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Franklin Templeton: an old-school stockpicker tries to reinvent itself

Franklin Templeton: an old-school stockpicker tries to reinvent itself

Jenny Johnson was at the movies with her kids when her phone rang. She stepped into a theatre lobby smelling like popcorn to answer the $4.5bn call.

“What’s your final number,” said Nelson Peltz. The activist investor had a 10 per cent stake in Legg Mason, the asset manager that Johnson’s family firm Franklin Templeton was trying to acquire, and Peltz was pushing for a higher price.

But the Johnsons were prepared to walk away. “He needed to know that we were done,” Johnson says. She told Peltz to take their final offer to the board and went back into the movie. Legg Mason accepted the deal terms.

The $6.5bn acquisition, including Legg Mason’s $2bn of debt, was the biggest deal in Franklin’s 75-year history and remains one of the largest in the industry’s history.

The company announced the all-cash deal in February 2020, shortly before the Covid-19 pandemic shut down swaths of the global economy and sent financial markets into a tailspin, and Franklin was accused by some of paying too much.

But Johnson, who had only just succeeded her elder brother Greg to become Franklin’s first female chief executive, is unrepentant. “We never looked back,” she says of the most high-profile component of a plan to stem outflows and reposition the company for a world increasingly dominated by huge managers peddling index-tracking products.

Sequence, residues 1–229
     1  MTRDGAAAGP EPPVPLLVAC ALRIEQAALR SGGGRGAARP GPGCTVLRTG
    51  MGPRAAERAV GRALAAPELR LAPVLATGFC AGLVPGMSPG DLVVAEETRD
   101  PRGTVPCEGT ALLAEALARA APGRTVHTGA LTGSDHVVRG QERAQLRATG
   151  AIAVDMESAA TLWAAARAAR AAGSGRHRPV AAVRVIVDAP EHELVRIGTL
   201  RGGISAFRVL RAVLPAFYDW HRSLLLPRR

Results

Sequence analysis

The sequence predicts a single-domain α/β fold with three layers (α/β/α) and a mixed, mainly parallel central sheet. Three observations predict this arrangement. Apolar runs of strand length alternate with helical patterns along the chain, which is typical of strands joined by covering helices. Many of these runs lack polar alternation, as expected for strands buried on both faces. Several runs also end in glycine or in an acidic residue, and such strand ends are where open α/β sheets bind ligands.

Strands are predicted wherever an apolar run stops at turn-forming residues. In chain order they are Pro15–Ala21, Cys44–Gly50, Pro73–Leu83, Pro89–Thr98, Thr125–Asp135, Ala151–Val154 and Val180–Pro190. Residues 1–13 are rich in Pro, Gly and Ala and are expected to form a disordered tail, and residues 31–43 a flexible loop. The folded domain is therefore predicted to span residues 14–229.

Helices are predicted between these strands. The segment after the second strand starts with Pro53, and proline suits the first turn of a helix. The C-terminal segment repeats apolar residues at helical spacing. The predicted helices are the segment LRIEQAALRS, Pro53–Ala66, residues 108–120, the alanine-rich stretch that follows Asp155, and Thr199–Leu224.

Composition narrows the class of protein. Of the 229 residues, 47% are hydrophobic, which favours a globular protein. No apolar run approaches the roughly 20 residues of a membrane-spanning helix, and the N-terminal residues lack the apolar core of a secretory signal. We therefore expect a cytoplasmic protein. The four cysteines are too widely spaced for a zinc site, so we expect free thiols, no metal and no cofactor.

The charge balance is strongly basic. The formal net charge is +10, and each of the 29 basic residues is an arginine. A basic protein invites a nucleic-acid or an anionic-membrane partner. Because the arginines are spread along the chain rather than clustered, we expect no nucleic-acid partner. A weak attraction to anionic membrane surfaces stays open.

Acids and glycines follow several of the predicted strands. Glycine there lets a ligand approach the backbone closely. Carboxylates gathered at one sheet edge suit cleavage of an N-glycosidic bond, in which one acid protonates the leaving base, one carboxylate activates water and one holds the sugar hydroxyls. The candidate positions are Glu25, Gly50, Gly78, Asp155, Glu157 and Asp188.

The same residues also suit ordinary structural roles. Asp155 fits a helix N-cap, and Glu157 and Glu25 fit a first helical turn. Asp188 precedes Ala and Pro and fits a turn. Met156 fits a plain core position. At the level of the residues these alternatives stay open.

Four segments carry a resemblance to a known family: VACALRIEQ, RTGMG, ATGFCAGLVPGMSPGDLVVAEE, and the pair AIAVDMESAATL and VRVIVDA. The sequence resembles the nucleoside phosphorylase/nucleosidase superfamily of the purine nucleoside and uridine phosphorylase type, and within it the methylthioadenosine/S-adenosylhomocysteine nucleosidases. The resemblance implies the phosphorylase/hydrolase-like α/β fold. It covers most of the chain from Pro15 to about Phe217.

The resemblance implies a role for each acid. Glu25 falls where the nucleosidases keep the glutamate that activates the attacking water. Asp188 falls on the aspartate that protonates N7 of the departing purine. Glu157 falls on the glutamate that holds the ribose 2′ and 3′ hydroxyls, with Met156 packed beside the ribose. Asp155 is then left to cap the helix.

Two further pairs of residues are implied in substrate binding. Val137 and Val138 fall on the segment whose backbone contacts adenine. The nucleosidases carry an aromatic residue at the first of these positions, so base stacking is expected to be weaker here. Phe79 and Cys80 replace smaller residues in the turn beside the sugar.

By the time of the Legg Mason deal, Franklin risked being overrun by seismic changes in its industry. Amid the wave of money going into low-cost index products and computer-driven trading strategies, the family-owned company specialised in offering more expensive funds run by managers who pick stocks and bonds.

However, conditions in markets have now started to shift. After more than a decade when bond-buying by the Federal Reserve and other central banks lifted all boats, rising rates are leading to more volatility, which could provide fruitful opportunities for active management. Some see it as a last chance for many stockpicking funds to prove their worth.

Johnson’s acquisition of Legg Mason and other businesses is a test of two propositions — that Franklin can diversify its operations enough to compete with rivals across a range of different products and that a family-run firm can still…

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